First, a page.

FIGS. 6( a) & 6(b) show a waveguide in accordance with this invention in which bar-shaped elements 6063 are incorporated into the waveguide channel at spaced intervals along the top and/or bottom sides of the waveguide channel. As shown, the bars are not perpendicular to the waveguide channel (see section A—A in FIG. 6( b)). This varies the near field and field response as a result of an averaging of the primary field and associated fields. Because of the averaging effects, these elements need not be dimensioned and located precisely within the waveguide.

FIGS. 7( a) and 7(b) show a waveguide in accordance with the invention in which pin-shape elements 70, which vary in height h, are used as the geometrically-shaped elements and are located in an irregular manner along the top and/or bottom sides of the waveguide channel. Of course, optionally, the pin shaped elements are arranged in a more regular fashion or even in a completely regular fashion if so desired. Pin cross sections are optionally any shape including those shown in FIG. 4( c) and including any combination of those pin shaped elements.

FIGS. 8( a) and 8(b) show a waveguide in accordance with the invention in which different profiled tipped pin-shaped elements 8083 or a single tip profile, are used as the geometrically shaped elements. The elements are located in an irregular manner along the top and/or bottom sidewalls of the waveguide channel. This profiled tipped pin-shape waveguide configuration achieves loss reduction along with the field response averaging as described above. The use of tip profiling may also allow for increased fine tolerance averaging in some situations.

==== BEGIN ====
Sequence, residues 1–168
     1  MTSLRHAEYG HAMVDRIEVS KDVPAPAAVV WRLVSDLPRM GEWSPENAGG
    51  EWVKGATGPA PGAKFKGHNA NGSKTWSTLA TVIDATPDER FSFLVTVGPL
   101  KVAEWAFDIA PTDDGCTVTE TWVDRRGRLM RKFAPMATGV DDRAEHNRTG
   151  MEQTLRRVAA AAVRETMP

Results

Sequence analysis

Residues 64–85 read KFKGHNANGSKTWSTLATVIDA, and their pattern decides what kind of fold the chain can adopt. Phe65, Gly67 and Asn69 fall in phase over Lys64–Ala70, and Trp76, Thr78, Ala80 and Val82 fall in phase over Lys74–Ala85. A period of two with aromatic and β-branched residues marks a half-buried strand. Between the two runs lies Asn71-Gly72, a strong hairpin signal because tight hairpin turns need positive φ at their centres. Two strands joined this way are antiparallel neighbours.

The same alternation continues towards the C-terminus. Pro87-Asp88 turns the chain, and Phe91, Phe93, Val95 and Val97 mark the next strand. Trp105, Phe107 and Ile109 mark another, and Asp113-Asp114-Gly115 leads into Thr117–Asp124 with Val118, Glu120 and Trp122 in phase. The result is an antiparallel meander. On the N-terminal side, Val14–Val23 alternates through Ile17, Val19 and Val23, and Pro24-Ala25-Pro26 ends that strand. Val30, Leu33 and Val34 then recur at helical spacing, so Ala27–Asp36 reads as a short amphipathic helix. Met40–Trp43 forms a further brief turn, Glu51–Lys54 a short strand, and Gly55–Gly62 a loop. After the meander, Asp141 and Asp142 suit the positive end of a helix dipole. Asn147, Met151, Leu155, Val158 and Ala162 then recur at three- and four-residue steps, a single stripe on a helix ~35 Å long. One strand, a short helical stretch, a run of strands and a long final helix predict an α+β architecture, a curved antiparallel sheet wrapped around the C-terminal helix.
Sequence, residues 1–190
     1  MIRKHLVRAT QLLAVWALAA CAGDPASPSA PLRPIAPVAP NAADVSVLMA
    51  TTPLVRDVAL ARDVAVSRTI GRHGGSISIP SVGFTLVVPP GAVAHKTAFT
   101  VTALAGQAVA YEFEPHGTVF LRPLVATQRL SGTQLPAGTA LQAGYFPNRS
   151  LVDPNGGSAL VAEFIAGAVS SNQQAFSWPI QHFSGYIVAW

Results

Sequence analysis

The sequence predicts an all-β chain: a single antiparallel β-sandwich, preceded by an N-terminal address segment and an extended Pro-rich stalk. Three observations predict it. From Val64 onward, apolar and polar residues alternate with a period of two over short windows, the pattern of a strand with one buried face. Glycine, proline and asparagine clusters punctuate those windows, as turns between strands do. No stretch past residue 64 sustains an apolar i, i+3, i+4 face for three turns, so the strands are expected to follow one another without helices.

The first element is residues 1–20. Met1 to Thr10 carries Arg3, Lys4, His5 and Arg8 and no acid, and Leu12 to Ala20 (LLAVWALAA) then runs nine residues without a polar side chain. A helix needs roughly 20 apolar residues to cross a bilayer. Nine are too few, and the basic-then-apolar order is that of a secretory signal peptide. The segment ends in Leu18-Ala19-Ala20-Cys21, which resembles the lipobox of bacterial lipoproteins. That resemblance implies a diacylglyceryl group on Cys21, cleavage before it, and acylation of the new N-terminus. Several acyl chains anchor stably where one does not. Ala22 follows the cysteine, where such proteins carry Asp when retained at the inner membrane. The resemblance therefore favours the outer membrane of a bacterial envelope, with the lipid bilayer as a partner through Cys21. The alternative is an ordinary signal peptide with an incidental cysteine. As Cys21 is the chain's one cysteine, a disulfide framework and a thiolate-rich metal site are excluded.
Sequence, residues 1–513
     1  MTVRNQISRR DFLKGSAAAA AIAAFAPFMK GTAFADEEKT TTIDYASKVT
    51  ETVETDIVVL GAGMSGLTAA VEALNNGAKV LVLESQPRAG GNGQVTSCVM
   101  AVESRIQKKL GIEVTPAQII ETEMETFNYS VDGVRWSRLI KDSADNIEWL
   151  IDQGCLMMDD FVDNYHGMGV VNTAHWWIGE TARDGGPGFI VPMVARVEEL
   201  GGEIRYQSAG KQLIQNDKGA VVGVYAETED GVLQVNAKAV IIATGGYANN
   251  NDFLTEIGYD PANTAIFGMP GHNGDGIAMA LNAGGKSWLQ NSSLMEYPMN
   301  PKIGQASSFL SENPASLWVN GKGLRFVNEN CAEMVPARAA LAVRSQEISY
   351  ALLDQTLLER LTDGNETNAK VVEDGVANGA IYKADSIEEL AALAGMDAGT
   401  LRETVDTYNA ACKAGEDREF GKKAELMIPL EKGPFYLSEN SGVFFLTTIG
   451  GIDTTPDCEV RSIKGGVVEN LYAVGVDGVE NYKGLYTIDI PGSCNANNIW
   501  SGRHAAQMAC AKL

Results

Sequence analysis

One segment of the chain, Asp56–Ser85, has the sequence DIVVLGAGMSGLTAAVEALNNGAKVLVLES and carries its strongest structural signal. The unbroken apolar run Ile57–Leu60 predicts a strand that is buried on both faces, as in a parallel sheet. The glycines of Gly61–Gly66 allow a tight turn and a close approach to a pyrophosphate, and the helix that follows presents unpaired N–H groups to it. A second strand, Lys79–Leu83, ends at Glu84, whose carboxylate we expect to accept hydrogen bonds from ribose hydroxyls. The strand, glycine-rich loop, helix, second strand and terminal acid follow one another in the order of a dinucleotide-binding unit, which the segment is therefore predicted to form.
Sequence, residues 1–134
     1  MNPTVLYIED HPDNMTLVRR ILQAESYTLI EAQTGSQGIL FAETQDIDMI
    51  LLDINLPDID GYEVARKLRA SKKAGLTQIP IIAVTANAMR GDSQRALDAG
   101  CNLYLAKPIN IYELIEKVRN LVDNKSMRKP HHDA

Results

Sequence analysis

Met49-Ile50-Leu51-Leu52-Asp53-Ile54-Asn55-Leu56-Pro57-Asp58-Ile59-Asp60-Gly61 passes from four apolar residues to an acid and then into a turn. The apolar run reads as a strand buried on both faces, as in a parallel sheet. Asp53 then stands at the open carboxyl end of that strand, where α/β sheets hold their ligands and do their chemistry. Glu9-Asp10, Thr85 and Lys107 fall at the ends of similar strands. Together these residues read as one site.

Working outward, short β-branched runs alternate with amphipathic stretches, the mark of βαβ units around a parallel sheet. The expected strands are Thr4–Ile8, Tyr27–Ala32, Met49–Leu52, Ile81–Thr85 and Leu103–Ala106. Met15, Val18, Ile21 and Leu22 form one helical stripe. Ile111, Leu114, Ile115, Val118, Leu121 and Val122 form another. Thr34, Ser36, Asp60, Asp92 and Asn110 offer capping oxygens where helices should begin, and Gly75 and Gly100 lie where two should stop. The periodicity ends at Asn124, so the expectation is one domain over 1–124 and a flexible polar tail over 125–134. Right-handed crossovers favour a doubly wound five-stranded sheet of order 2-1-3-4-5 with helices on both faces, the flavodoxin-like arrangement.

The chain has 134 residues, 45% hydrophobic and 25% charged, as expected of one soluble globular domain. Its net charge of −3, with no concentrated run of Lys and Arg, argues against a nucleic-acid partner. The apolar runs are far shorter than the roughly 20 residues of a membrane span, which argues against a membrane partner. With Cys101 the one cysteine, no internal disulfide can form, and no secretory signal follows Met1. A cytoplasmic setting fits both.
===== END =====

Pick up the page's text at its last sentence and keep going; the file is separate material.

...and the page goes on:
FIG. 9 show a waveguide in accordance with this invention in which bar-shaped elements 9093, are incorporated within the waveguide channel at spaced intervals along the top and/or bottom side walls of the waveguide channel. Optionally, a same element profile is provided for all four or any combination of the four profiles is used. The height h of an element varies across the width w of the element. This achieves the averaging described above to support the inventive advantages.

Though the invention is described with reference to a conductive cavity and conductive geometrically shaped elements, it is equally applicable to other microwave waveguide cavities, other resonating elements, and so forth. For example, the geometrically-shaped elements are optionally replaced by a dielectric element with metalisation thereon. Further optionally, the geometrically-shaped elements are optionally replaced by a carrier having patches printed thereon. Further optionally, the cavity is formed of a metal coated structure.

In FIG. 10, a high precision metal cavity is shown with an electromagnetically transparent insulating material disposed on an inside surface thereof. Onto this material is printed metalisation including vias for connecting the metalisation and the cavity. The metailisation so connected acts to shape a radiation field propagating within the cavity. Since the insulating material is, as shown, irregular in height, the averaging effect results as disclosed above.